By James Day
The oohing and aahing echoed throughout the cavernous warehouse building.
“We’re so excited,” Silverton Area Community Aid board member Laura Wanker, who along with fellow board member Kathleen McCann, was giving Our Town a tour of the old Ratchet Brewery building in North Second Street on March 1.
SACA, which provides food aid and other community services in the Silverton area, has purchased the building from Ratchet. It will be moving its operations from the Silverton Community Center on South Water Street to the new complex in the next year or so.
Wanker and McCann noted that ADA bathrooms already were in place, pointed out which pieces of the building will be used for SACA’s services, praised Ratchet owners Will Mary and Dan Miletta – “they have been so good to work with” – and showed off a historic sign for Copeland Lumber, a tenant in the building from decades back.
Then, everyone relocated into the former Ratchet dining area for pictures, pizza and salad.
“It’s been really fun to see this all come to life,” said Ken DeSantis, SACA’s executive director. “We’re growing and we plan to grow even more. We’re lucky to have been supported by our community and we’re optimistic that our community will come through for us and we can open our doors within a year or so.”
The cost of the project is approximately $3.5 million, and DeSantis said SACA already has raised $2.3 million. The bulk of the fundraising to come would be spent on renovations, equipment and furnishings.
SACA is moving because the agency needs more space. Their basement quarters in the community center have posed vexing challenges for staff and volunteers. It is seismically unsafe. Access for unloading is difficult. The facility lacks private meeting spaces. Plus, it is “dank and dark,” according to SACA officials, “and not as welcoming as it should be.” And although SACA has done a creative job using its available space, it needs more room to expand its programs.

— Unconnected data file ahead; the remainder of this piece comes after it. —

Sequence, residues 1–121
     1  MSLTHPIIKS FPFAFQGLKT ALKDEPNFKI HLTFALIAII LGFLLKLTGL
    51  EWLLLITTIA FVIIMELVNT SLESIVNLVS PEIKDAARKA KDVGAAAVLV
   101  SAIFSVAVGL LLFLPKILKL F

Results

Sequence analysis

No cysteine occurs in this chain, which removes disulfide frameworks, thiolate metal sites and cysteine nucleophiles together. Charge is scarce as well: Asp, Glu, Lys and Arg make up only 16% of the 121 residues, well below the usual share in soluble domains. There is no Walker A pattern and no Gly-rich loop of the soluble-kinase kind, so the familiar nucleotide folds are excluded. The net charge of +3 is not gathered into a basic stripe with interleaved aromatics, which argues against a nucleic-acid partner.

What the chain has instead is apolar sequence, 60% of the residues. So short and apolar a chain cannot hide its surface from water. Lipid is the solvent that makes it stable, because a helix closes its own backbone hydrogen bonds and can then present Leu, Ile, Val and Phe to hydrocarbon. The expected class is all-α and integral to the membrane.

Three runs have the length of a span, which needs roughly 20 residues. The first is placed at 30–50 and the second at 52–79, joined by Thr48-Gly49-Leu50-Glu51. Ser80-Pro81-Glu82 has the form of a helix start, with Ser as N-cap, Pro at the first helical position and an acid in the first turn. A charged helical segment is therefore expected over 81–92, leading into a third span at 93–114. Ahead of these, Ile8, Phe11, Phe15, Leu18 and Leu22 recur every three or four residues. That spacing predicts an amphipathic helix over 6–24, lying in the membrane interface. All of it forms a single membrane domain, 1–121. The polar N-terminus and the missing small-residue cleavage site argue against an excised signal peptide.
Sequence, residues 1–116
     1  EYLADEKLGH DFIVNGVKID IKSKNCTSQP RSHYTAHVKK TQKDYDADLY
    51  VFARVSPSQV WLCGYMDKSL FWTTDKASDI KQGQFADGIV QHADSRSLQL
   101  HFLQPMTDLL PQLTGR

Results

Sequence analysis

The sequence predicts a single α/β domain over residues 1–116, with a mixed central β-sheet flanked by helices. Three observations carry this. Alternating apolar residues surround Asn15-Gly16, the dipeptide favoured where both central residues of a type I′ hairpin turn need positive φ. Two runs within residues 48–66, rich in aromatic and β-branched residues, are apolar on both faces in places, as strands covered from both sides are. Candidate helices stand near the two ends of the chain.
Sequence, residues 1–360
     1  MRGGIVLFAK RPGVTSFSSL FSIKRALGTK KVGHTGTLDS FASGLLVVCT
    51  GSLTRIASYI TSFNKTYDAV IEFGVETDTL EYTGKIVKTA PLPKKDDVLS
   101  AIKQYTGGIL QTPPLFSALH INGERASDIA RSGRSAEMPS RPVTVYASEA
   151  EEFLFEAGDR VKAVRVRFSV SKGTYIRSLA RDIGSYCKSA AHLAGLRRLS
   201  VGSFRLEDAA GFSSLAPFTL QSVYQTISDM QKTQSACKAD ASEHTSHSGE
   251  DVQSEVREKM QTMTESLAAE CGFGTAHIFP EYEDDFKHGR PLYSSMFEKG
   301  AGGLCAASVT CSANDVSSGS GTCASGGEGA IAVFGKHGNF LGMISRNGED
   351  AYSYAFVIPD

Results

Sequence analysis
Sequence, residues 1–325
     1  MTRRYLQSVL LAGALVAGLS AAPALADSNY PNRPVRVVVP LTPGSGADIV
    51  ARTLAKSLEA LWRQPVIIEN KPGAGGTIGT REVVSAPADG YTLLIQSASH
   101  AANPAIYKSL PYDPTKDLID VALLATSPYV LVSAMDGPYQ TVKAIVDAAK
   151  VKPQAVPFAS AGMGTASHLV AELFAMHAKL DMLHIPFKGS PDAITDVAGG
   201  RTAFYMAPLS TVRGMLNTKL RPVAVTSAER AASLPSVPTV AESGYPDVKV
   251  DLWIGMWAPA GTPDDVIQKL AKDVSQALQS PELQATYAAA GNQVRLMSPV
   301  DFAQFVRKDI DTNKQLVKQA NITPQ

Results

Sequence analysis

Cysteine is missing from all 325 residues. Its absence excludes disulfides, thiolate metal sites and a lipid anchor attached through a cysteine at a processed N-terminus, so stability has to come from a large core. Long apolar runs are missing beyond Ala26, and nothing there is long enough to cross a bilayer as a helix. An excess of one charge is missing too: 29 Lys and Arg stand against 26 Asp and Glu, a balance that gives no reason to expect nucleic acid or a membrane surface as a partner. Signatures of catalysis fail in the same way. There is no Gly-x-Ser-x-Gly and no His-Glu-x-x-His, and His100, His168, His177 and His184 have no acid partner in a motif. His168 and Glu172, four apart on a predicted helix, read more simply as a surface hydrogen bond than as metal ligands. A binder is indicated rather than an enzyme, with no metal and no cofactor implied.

The need is there. SACA’s food pantry visits increased from 2,790 in 2021 to 5,031 last year, when they served 1,900 unique individuals.
SACA also has ambitious hopes that the new facility will become a community resource that can serve a wide variety of needs. The Silverton Coffee Club recovery program already is on board, and DeSantis said other groups might move in as well “and make it a collaborative space for a variety of organizations.”
The building also is home to the “Four Freedoms” murals. The four panels, which were painted by Tonya Smithburg in 2015, are in need of repairs, and DeSantis noted that “depending on the space needs of (SACA’s) community partners, there is a chance we’ll need to add an entrance and/or windows on the side of the building that currently supports the Four Freedoms murals. It is likely that only one panel will have to be moved to a different location on that wall.
“The murals will continue to have a home on our new property, and there is currently no sense of urgency for them to be repositioned or relocated.”
Norm English, president of Silverton Mural Society, said that SACA and the society are “working together to get this figured out. We believe that the depiction of Normal Rockwell’s illustrations during World War II are extremely important to celebrate and enjoy and the response [from the community] shows that [Silverton] believes they are important, too.”
A previous set of Four Freedoms murals, painted in 1994 by David McDonald, was destroyed when the Masonic Lodge on Main Street was razed in 2015.